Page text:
• Conclusions

CHAPTER 9:

  • Summary and Conclusions
  • Chapter 1: History of Gene Therapy
  • Chapter 2: development of improved vectors
  • Chapter 3: uniQure, Glybera, and the beginning of gene therapy commercialization
  • Chapter 4: Gene therapy for ophthalmological diseases
  • Spark Therapeutics
  • GenSight Biologics
  • NightStaRx' AAV2-REP1
  • Avalanche Biotech's AVA-101
  • Oxford Biomedica
  • Applied Genetic Technologies Corp (AGTC)
  • Genzyme's AAV-sFLT01 (soluble VEGF-R) for wet AMD
  • Can gene therapy for ophthalmic diseases provide long-term improvement of vision, or does its effects fade with time?
  • Chapter 5: Gene therapy for other rare diseases
  • Hemophilia and gene therapy
  • The Phase 1 Nathwani studies of gene therapy for hemophilia B
  • Clinical-stage gene therapies for selected other rare diseases
  • Chapter 6: Gene therapy for more common diseases
  • Voyager Therapeutics
  • Oxford BioMedica's Parkinson's disease program
  • GeneQuine Biotherapeutics and gene therapy for osteoarthritis
  • Celladon Corporation's gene therapy for heart failure
  • Outlook for gene therapies for common diseases
  • Chapter 7: Ex vivo gene therapy
  • bluebird bio
  • bluebird bio's clinical-stage candidates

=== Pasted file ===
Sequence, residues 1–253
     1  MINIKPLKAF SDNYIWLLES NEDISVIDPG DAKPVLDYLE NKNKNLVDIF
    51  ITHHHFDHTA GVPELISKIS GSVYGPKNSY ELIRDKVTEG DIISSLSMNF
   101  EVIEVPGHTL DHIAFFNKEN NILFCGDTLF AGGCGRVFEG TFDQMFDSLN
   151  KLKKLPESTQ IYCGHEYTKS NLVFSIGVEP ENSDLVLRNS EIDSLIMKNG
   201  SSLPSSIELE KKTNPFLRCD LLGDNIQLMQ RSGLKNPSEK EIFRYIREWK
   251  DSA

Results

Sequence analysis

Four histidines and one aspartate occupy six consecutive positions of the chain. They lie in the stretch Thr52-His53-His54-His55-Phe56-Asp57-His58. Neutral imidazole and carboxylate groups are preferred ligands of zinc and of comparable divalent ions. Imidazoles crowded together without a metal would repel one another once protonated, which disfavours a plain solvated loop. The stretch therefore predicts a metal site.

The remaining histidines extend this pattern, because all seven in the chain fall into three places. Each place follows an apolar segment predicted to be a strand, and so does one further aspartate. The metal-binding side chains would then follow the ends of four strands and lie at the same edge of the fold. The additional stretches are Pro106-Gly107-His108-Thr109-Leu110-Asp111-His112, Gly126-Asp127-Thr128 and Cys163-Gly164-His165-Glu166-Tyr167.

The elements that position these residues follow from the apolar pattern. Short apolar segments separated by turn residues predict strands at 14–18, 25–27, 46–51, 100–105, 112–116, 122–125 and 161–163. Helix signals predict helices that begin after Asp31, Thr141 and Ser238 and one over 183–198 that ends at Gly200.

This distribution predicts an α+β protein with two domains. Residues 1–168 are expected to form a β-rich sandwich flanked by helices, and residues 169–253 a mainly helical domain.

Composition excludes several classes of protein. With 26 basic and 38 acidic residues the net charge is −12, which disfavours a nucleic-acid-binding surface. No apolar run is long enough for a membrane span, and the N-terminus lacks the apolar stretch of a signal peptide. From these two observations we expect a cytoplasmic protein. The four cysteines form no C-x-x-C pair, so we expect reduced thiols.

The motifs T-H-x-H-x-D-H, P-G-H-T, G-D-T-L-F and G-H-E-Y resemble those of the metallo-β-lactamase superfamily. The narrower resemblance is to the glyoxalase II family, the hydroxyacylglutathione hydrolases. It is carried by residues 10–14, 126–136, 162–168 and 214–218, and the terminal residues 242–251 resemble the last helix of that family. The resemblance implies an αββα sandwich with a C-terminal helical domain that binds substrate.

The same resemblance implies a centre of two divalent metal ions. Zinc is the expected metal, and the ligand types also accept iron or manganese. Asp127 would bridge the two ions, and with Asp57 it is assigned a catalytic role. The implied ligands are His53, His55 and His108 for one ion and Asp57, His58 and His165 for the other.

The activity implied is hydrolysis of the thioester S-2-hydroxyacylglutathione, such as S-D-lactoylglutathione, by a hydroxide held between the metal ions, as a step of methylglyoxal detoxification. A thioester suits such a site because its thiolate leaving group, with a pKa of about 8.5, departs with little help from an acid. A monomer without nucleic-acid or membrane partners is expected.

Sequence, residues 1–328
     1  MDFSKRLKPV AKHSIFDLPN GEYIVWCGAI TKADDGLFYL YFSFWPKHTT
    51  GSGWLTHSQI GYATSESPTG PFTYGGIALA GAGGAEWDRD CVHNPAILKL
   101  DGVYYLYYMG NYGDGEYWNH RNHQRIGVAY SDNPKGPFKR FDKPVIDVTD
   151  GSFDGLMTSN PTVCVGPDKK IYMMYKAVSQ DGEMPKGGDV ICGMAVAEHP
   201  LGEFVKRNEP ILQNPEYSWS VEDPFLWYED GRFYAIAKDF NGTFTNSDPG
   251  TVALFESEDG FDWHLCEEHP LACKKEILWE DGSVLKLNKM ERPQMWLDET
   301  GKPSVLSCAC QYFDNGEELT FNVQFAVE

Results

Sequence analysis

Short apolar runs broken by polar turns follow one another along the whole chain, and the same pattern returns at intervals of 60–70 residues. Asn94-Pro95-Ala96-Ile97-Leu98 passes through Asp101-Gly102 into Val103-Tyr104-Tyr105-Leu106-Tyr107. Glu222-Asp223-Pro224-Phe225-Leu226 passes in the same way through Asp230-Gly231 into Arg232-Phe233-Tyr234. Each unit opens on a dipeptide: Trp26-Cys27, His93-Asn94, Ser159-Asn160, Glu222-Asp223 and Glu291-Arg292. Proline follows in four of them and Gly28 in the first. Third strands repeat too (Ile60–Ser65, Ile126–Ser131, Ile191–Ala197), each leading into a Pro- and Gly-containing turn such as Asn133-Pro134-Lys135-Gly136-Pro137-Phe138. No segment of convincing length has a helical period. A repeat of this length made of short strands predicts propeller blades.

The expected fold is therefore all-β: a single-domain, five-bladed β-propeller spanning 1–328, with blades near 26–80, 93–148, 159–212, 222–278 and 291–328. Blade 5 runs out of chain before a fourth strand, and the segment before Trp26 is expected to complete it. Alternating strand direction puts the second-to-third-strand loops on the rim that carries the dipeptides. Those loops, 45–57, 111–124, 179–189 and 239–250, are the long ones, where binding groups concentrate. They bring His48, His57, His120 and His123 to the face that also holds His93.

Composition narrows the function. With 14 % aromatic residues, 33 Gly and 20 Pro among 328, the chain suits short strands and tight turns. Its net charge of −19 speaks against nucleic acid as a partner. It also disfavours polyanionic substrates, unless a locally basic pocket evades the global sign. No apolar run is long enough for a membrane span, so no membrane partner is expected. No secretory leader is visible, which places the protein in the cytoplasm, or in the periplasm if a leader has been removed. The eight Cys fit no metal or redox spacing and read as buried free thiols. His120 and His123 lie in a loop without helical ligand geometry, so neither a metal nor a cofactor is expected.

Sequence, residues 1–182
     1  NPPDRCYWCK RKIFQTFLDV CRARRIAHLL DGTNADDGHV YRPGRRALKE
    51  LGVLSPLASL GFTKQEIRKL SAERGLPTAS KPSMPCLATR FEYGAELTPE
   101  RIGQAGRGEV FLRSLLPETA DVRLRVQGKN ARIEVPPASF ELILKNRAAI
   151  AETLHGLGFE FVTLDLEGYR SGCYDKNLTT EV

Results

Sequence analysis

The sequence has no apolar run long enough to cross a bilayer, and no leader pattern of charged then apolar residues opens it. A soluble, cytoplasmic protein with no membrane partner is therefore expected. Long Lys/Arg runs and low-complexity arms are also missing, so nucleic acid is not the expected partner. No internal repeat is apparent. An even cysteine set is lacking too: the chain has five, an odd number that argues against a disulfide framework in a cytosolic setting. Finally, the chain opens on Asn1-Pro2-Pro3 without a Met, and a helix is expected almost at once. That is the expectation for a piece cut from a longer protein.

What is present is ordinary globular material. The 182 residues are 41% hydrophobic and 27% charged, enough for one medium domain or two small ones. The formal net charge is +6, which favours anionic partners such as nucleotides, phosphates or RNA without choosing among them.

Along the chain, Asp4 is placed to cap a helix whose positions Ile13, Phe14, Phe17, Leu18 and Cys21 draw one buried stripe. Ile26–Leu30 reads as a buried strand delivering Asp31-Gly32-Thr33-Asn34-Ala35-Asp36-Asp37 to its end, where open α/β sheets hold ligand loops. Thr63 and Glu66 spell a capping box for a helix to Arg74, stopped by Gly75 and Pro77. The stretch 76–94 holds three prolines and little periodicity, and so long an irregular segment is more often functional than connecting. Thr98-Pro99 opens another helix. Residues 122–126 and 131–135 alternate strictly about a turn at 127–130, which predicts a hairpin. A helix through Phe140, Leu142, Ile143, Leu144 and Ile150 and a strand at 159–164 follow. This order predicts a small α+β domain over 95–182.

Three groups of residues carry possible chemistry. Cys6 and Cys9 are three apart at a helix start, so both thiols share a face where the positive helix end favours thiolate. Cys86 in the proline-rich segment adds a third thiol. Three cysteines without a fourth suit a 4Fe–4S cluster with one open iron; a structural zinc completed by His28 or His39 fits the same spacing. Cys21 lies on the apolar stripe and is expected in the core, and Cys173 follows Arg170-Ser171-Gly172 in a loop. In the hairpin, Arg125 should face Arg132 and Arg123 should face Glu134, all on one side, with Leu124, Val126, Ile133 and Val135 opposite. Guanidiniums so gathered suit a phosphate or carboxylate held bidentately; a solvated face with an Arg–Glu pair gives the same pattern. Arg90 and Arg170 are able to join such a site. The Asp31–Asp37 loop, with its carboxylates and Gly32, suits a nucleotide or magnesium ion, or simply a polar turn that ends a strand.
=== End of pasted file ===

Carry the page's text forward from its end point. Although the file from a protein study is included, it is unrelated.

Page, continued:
• Lenti-D
    • LentiGlobin BB305
  • bluebird's clinical-stage gene therapies-“hot” new company, old technology strategy
  • bluebird's preclinical programs
  • CAR T-cell immunotherapy as an area of ex vivo gene therapy
    • Selected clinical programs in CAR T-cell based immunotherapy
    • Safety issues with CAR T-cell therapies
    • Leading companies and collaborations working on CAR T-cell therapies
  • The potential near-term success of ex vivo gene therapies
  • Chapter 8: Gene editing technology
    • Editas' AAV vector-based CRISPR-Cas9 genome editing system
  • Other startup companies pursuing CRISPR/Cas9 genome editing therapies
  • Sangamo BioSciences, zinc-finger nucleases, and the first gene-editing clinical studies
  • Sangamo's preclinical pipeline
  • bluebird bio's gene editing programs
  • Outlook on genome editing technology for gene therapy
  • Insight Pharma Reports survey on gene therapy
  • Outlook for gene therapy
  • Insight Pharma Reports Survey on Gene Therapy (n=88)

References

About Cambridge Healthtech Institute

FIGURES

  • Figure 2.1. Gammaretroviral Vector Construction and Packaging 40
  • Figure 3.1. The Glybera Vector DNA 52
  • Figure 4.1. Structure of GenSight AAV2/2-CMV-ND4 Vector (GS010) 68
  • Figure 7.1. CAR T cell 105

TABLES

  • Table 2.1: Leading Gene Therapy Vectors 48
  • Table 3.1. uniQure's Clinical-Stage Pipeline 56
  • Table 4.1: Clinical Stage Gene Therapies for Ophthalmological Diseases 62
  • Table 5.1: Clinical-stage gene therapies for hemophilia B 78
  • Table 5.2: Clinical-Stage Gene Therapies for Selected Other Rare Diseases 82
  • Table 6.1: Voyager's Preclinical Programs 94
  • Table 7.1: bluebird bio's Clinical-Stage Gene Therapies 100
  • Table 7.2: Selected Clinical Programs in CAR T-cell-based Immunotherapy 106
  • Table 8.1: Companies Involved in Gene Editing Technologies 119
  • Table 9.1: Gene therapy products likely to reach the market before 2020 155